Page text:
The LEGO Movie 2: The Second Part
The Walking Dead
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All Critics (18)
| Top Critics (6)
| Fresh (14)
| Rotten (4)
| DVD (1)
Though not among Melville's classics, "Un Flic" is a pleasure to experience.
Delon and Crenna paint an idealized portrait of masculine camaraderie, one that's exposed at the end of Melville's bracing last testament as a soul-shattering illusion.
A fitting final act for noir master Jean-Pierre Melville ...
A murky disappointment.
A bitter meditation on disenchantment and defeat, as glacial and hermetic as Deneuve's face.
Mr. Melville's obsession with technical information is sometimes taken to lengths that border on the crazy.
Jean-Pierre Melville's last film, Un Flic / A Cop (1972), is a late noir classic...
There's a distinct vein of misanthropic defeat coursing in this film that's encoded into empty gestures and portrayals of people who appear to only be going through the motions.
Chilling perfection is Melville's epitath
Engaging and entertaining %u2026 primarily a heist movie with noirish elements; the characters are all flawed
Everything that has come to be known as "Melville" exists in some form throughout the film's 98 minutes. The flaws present are those of the greatest auteurs' autumnal works.
Plays beautifully with all [Melville's] trademark silence, grim faces, and gloomy colors.
While still a fine movie in its own right, there is precious little going on in Melville's final offering that followers of his work will not have seen better executed elsewhere. The Delon-Deneuve-Crenna triangle is too perfunctorily sketched to either convince or engage our interest. Of the three leads, Crenna does best, with Deneuve at her most icily vacant and Delon less appealing on the right side of the law. Curiously, the most sympathetically drawn and intriguing characters are in supporting roles: Riccardo Cucciolla's Paul, an ex-bank manager turned robber who reluctantly deceives his wife (Simone Valère) by pretending to be looking for work, and especially Valérie Wilson as Delon's transvestite informer. Worth seeing for a couple of typically excellent heist sequences, the second only marginally spoiled by some rather obvious model work.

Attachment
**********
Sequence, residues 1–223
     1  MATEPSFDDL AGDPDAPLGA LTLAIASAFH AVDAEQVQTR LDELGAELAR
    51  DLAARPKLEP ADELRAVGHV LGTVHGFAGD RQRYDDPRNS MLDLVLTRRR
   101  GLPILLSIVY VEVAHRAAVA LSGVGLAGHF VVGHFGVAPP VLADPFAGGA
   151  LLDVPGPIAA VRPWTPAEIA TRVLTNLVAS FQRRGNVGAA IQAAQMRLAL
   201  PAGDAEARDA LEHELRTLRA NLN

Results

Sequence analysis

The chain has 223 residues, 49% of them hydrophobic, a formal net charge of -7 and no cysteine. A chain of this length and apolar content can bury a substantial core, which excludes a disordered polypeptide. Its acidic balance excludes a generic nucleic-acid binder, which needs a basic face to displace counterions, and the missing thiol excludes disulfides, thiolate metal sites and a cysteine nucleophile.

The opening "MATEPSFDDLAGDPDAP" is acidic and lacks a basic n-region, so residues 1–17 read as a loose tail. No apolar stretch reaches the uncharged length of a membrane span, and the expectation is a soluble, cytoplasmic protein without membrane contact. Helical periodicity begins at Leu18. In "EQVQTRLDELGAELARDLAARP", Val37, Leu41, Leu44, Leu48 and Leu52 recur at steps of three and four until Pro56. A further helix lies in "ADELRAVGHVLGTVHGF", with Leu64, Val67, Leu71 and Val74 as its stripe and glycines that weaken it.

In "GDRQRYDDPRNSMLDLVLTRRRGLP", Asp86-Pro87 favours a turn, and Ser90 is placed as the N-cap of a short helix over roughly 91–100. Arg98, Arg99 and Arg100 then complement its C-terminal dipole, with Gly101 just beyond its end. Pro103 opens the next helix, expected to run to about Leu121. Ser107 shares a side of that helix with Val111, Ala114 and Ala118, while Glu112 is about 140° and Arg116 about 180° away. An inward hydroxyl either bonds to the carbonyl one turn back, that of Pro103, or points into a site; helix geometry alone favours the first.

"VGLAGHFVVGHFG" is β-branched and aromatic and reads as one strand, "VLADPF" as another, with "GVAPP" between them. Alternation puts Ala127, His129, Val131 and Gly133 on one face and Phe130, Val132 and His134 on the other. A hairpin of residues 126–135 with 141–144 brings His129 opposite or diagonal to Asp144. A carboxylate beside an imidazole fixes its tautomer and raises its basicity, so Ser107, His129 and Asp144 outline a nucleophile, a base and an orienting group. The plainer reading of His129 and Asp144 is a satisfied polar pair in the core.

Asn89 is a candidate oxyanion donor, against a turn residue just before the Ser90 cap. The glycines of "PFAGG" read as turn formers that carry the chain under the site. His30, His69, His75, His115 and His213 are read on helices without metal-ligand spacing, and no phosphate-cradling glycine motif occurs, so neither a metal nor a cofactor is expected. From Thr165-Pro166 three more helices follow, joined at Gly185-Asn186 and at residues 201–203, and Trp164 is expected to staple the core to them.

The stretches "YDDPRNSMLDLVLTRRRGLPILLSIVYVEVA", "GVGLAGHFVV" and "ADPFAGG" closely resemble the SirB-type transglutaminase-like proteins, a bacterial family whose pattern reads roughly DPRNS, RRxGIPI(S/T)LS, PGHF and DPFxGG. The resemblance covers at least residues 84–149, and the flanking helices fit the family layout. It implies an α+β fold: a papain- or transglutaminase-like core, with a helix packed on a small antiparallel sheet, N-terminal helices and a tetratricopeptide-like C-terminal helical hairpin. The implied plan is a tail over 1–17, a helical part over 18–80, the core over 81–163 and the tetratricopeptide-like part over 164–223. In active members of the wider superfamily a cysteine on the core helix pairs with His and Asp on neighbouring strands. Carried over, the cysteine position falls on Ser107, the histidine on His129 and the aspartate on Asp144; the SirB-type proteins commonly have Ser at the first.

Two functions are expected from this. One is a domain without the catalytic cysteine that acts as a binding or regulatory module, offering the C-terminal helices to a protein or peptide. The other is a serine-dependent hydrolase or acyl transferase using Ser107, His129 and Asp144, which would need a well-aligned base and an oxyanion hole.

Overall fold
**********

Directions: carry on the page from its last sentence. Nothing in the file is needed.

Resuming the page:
Jean-Pierre Melville's final project is a blue-toned caper film with two extended heist sequences and several long stretches without dialogue. Alain Delon (who also starred in Melville's "Le Samourai" and "Le Cercle Rouge") is now a good guy -- a detective on the trail -- and lead criminals Richard Crenna and Michael Conrad are presumably dubbed in French. Catherine Deneuve shows up for a few scenes to look beautiful but feels written into the story as a marketing move.
The most interesting segment is the second heist, an elaborate robbery of a train in motion. Unfortunately, the cost-cutting use of a miniature helicopter and train for the long shots is seriously embarrassing.
melville blends his usual style with a gripping crime story that tracks every detail as parts of the story unfold in almost real time. the only drawback might be the films accessability as it is so intelligently written and filmed that one might have to be almost too smart to track along the way, but those that follow the story will be drawn in. phenomenal film.
[font=Century Gothic]Written and directed by Jean-Pierre Melville, "Un Flic" is a stylish heist movie with minimal dialogue(There is narration at the beginning that does nobody any favors.), that has not one heist, but two. The first is pulled off at a bank in gale force winds while the second serves as the climax of the film. In between is a Paris where it is impossible to tell the criminals from the police without a scorecard(or for that matter the men from the women). One of the gang of thieves is Paul Weber(Riccardo Cucciolla), an otherwise good man who has gotten desperate after being laid off as an assistant manager for a bank about a year before. On the other side of the fence is Police Superintendent Edouard Coleman(Alain Delon) who resorts to whatever methods he can to catch the criminals, whether it be relying on snitches or roughing up suspects. He even plays the piano a bit at a nightclub frequented by Simon(Richard Crenna), the gang leader. The only thing clear in this grey world is to never be a hero. Look where that will get you. [/font]
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